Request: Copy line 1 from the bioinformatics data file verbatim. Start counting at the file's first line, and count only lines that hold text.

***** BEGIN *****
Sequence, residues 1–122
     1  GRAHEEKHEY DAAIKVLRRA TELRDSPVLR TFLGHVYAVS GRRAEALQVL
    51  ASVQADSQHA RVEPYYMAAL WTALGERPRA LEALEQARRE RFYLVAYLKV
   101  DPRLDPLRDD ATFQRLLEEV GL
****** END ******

Sequence, residues 1–122